Stereotypes are bad, right? They’re clichéd stock characters that rob your story of originality and immediacy. Readers realize they’ve read about these characters in dozens of other stories, lose interest, and cast the book aside. True enough, so far. But what we often fail to realize is that stereotypes can be successfully applied in two ways: we can use them and we can play off them.
Because stereotypes are widely recognized, they provide us common ground with the reader. From that starting place, we then have the option of using the reader’s expectations to our advantage in any number of ways. In Characters & Viewpoint, science-fiction legend Orson Scott Card explains:
As storytellers, we can’t stop our readers from making stereotype judgments. In fact, we count on it. We know of and probably share most of the prejudices and stereotypes of the community we live in. When we present a character, we can use those stereotypes to make readers think they understand him.When we introduce a computer nerd, a cowboy, a scientist, a politician, or a pilot, our readers immediately have preconceived ideas about this character. We don’t have to tell them the cowboy wears boots and rides a horse anymore than we have to explain that the politician dresses in suits and smiles and shakes hands on a frequent basis. Because readers already know about these archetypes, we can save valuable time and space that might otherwise need to be filled with descriptions and explanations.
To some extent, readers even enjoy stereotypes. We deliberately choose to read about cowboys and pilots because these characters possess certain traits we admire and enjoy. However, the line between successfully using a stereotype and abusing it to the reader’s boredom is a fine one. John Truby, in his marvelous book The Anatomy of Story, cautions:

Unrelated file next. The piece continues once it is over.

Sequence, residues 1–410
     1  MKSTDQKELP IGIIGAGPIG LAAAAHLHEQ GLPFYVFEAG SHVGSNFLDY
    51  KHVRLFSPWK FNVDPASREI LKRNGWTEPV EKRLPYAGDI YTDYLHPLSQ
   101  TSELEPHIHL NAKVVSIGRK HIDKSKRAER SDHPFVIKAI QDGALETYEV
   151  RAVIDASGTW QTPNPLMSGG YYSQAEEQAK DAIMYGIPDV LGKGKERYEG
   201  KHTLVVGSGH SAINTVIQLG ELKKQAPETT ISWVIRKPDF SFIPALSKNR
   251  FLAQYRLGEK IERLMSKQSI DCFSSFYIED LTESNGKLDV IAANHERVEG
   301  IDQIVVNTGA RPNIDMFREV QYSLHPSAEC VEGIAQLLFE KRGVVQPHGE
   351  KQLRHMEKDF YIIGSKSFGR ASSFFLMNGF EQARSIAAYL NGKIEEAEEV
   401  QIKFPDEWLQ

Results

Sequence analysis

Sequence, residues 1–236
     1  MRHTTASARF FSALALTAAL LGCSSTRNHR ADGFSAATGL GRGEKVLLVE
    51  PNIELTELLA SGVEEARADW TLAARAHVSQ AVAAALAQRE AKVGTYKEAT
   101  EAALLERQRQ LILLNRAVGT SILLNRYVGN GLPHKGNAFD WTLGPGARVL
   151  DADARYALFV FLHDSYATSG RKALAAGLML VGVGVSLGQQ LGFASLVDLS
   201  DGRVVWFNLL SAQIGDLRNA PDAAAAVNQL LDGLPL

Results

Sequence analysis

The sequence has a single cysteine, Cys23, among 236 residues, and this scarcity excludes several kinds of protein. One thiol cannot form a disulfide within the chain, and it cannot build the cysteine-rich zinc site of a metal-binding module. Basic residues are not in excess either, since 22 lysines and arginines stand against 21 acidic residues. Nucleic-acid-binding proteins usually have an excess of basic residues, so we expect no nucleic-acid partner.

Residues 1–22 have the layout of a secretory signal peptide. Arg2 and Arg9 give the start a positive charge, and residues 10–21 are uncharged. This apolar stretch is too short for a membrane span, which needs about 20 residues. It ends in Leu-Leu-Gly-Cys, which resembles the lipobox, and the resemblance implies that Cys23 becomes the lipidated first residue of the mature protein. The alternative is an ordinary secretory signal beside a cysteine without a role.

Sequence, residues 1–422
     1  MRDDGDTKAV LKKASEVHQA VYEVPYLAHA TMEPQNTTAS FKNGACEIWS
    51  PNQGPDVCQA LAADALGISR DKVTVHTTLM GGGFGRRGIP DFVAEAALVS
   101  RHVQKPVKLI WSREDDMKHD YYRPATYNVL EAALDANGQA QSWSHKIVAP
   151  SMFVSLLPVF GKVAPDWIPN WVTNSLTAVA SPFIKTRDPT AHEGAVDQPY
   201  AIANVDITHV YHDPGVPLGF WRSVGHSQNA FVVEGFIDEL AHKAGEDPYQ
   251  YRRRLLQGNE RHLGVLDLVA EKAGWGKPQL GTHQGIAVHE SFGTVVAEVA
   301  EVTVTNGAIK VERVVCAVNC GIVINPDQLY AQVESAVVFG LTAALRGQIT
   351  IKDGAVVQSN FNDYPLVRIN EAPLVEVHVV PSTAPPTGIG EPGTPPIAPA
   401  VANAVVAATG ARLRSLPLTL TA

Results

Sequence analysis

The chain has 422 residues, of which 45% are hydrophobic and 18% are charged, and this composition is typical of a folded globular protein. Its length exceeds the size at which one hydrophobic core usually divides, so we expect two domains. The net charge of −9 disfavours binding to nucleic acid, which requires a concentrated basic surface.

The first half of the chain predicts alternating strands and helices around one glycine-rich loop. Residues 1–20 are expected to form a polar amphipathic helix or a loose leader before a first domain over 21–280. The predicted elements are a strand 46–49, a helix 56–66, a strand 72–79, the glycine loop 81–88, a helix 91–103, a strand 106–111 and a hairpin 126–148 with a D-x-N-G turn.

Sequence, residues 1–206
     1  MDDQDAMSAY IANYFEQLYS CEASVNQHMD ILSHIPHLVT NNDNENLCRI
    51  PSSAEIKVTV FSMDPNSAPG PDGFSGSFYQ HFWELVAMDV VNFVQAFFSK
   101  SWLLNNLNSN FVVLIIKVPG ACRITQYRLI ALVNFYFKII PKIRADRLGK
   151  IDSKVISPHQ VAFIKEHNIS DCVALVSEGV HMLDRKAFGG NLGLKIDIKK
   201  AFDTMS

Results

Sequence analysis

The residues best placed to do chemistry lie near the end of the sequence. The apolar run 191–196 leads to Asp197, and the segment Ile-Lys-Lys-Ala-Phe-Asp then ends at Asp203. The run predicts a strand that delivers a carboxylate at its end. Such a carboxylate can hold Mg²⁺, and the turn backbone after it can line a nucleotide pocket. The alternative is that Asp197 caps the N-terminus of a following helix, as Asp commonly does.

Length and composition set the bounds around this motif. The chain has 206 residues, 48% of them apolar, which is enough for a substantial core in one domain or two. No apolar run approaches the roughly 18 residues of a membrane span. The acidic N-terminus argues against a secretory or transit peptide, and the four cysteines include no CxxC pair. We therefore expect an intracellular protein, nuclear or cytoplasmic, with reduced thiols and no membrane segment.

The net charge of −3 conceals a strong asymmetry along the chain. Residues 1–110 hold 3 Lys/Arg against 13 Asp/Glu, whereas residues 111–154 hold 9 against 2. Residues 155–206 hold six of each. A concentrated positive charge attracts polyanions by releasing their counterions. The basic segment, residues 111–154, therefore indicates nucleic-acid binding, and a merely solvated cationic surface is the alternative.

An archetype resonates deeply with an audience and creates very strong feelings in response. But it is a blunt tool in the writer’s repertoire. Unless you give the archetype detail, it can become a stereotype.The solution is to play against the stereotype by crafting unique, realistic personalities that break the bounds of expectation. When characters act in ways the reader wasn’t expecting, the reader’s curiosity is immediately piqued. He wants to know why this politician gets away with wearing cut-off shorts to work or why this girl who looks like a computer nerd is really a fashion model.
The first time we meet a person in real life, we inevitably make assumptions about him from his appearance and mannerisms. In short, we stereotype him. But when we get to know him better, his individuality reveals itself, and we realize he is an indefinably unique person who breaks the expectations of his stereotype in many ways. Characters are no different. If you met your character on the street, what stereotype might he appear to fulfill? Which of those stereotypical traits can you use and which can you play against to make the most of your reader’s inevitable preconceptions?
Related Posts: The Myth of Originality
Making Cliches Work for You
Variations on a Theme
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Story by K.M. Weiland